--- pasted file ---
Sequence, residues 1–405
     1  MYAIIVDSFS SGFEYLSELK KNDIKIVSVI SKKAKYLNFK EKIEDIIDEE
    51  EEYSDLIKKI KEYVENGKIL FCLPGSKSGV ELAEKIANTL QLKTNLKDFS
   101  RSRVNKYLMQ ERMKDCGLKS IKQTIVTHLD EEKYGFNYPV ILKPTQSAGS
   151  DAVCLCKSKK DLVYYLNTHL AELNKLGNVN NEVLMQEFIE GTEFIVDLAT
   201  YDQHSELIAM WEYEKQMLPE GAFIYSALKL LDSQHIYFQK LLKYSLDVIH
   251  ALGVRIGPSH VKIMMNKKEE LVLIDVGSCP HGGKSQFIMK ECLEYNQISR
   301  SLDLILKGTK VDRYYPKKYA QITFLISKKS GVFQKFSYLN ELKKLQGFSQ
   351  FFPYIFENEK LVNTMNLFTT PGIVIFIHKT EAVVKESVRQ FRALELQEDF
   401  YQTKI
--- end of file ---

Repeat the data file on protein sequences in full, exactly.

Sequence, residues 1–405
     1  MYAIIVDSFS SGFEYLSELK KNDIKIVSVI SKKAKYLNFK EKIEDIIDEE
    51  EEYSDLIKKI KEYVENGKIL FCLPGSKSGV ELAEKIANTL QLKTNLKDFS
   101  RSRVNKYLMQ ERMKDCGLKS IKQTIVTHLD EEKYGFNYPV ILKPTQSAGS
   151  DAVCLCKSKK DLVYYLNTHL AELNKLGNVN NEVLMQEFIE GTEFIVDLAT
   201  YDQHSELIAM WEYEKQMLPE GAFIYSALKL LDSQHIYFQK LLKYSLDVIH
   251  ALGVRIGPSH VKIMMNKKEE LVLIDVGSCP HGGKSQFIMK ECLEYNQISR
   301  SLDLILKGTK VDRYYPKKYA QITFLISKKS GVFQKFSYLN ELKKLQGFSQ
   351  FFPYIFENEK LVNTMNLFTT PGIVIFIHKT EAVVKESVRQ FRALELQEDF
   401  YQTKI